As the first Firefox OS smartphone, the ZTE Open is an ambassador for its platform: it's built to prove that web apps can do the hard work of their native equivalents. It's also geared toward first-time smartphone owners with its simple interface and an $80 unlocked price. This combination of open, standards-based software and affordable hardware sounds like a dream for both developers and newcomers alike. But is that how it works in practice? Read our review and you'll find out.
The design of the Open is an exercise in minimalism. A close cousin of the Android-based Kis III, it feels like a large, smooth pebble -- albeit one covered in soft-touch plastic. It's very comfortable to hold as a result, although the thin back cover and smudge-prone 3.5-inch screen will remind you that you're using a low-end handset. ZTE does deserve some kudos for embracing Firefox's native colors -- whether you buy an Open in blue or orange, your phone is destined to stand out.
The back-to-basics philosophy extends to the controls and ports. Aside from the screen, the only features on the front are an LED (for charging only) and a capacitive home button. There's no front-facing camera, unfortunately. On the left is a volume rocker that's easy to use by feel alone; the top holds both a power button and a headphone jack, while the micro-USB port and microphone sit at the bottom. You'll find only a 2-megapixel camera and speaker on the back, although it's easy to pop off the rear cover and get access to both the 1,200mAh battery as well as the SIM and microSDHC card slots. That accessibility is essential, too, as the built-in 512MB of storage isn't enough to hold a media collection. The eBay version (available in the US and UK) doesn't officially ship with any microSD expansion, although carriers like Movistar Spain include a 4GB card in the box; we've also heard of eBay customers receiving 4GB cards.
As you've likely gathered, the Open will disappoint if you're looking for clever hardware tricks. There are no shortcut keys, notification lights or water resistance. About all you'll get for luxury is an FM radio. However, there's a refreshing simplicity to the design. It's tailor-made for newcomers to the smartphone world who don't need (or don't care for) any frills. While we wish that the components inside were more powerful, the form factor is at least appealing.
Many smartphones under $100 have very basic displays, and that's exactly what you'll get with the Open. At 3.5 inches, the LCD is a bit too small for fast typing with Mozilla's on-screen keyboard. The 480 x 320 resolution is usable, but not exactly sharp. Colors are adequate (if flat) head-on, but they wash out when you view the phone from a sharp angle. The screen is at least readable in sunlight, though.
To us, responsiveness is the display's main flaw. Despite using capacitive input, the Open's touchscreen just isn't very sensitive or accurate. It was too easy for us to miss a photo opportunity because our shutter press didn't register, or to launch an app when we meant to scroll. Even swiping down the notification bar requires a bit more effort than we're used to. The unresponsiveness is occasionally frustrating, and we'd expect better even at this modest price point.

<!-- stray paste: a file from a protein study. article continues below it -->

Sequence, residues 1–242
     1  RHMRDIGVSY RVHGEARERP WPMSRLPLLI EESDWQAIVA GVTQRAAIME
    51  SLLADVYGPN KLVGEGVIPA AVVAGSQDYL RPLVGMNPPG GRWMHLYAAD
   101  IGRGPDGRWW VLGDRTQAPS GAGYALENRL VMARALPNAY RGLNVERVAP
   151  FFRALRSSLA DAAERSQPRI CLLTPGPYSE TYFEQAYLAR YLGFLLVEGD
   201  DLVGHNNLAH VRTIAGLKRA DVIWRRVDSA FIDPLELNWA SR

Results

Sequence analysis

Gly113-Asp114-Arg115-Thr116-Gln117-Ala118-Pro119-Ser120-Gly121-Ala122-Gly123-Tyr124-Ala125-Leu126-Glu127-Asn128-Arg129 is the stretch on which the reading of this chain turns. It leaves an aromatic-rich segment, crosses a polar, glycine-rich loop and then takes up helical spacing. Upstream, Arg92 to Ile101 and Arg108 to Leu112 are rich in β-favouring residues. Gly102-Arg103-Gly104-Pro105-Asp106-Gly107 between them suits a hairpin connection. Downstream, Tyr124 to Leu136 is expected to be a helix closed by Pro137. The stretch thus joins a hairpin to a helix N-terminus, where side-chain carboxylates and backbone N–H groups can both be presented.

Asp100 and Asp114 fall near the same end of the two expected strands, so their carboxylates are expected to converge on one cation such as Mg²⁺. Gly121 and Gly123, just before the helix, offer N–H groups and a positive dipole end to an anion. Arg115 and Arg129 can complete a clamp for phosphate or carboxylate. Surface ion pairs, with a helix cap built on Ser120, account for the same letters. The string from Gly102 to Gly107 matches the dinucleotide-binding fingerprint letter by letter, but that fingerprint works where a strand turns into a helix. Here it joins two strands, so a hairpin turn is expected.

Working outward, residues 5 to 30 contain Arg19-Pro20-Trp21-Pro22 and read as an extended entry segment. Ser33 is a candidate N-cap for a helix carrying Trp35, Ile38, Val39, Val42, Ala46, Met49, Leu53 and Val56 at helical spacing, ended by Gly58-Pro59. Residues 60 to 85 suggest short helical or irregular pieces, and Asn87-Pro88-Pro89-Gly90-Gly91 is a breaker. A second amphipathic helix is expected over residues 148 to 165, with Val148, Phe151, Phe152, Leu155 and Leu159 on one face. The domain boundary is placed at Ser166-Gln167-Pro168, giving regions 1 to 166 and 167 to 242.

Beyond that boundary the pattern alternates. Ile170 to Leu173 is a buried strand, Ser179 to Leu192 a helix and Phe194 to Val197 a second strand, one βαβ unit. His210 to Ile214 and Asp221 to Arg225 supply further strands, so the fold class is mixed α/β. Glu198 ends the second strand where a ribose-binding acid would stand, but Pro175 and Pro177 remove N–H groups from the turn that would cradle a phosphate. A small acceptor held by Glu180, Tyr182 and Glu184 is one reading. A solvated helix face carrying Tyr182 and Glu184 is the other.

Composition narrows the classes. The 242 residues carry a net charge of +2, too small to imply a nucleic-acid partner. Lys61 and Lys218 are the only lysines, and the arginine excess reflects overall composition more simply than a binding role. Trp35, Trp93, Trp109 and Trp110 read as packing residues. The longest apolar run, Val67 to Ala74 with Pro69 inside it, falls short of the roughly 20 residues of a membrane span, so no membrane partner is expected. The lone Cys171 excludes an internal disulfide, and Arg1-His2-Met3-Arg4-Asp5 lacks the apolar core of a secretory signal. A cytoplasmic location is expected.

It wouldn't take much to get a significantly improved display, either. Contrast the Open with a more expensive (if still frugal) phone like the LG Optimus L3 II: LG may have shed some screen resolution, but its display is both more responsive and produces richer colors. While ZTE doesn't have to compete in the Optimus L3 II's price bracket, it should have spent more on the screen.
We'll be blunt: the Open's 2-megapixel rear camera is terrible, even by the standards of entry-level phone photography. Virtually every photo is full of blocky compression artifacts, noise and color inaccuracies. Well-lit photos in any environment are defined by purple fringing effects and blown-out highlights, while low-light images lose most of the visible detail. There's no flash to fill in that detail, and the fixed focus rules out any macro shots. We'd still take the Open's camera over none at all, but that's not exactly a compliment.
This isn't helped by the camera software, which is as rudimentary as it gets. Your options are to shoot photos, shoot videos or visit the gallery app -- and that's it. There are no settings or special modes. While there's a healthy selection of editing and sharing options in the gallery, such as cropping and exposure compensation, you'll have little input when taking the snapshot. Thankfully, Mozilla's Principal Developer Evangelist Christian Heilmann tells us that the basic feature set is due more to the hardware than the OS. We'd expect more advanced phones to get improved controls.
Just be warned that video recording is equally crude, if not more so. You can only shoot 352 x 188, 20 fps movies with single-channel sound. The image quality is decent for the resolution, but the audio is worse than a phone call. We'd use the Open's video mode only as a last resort.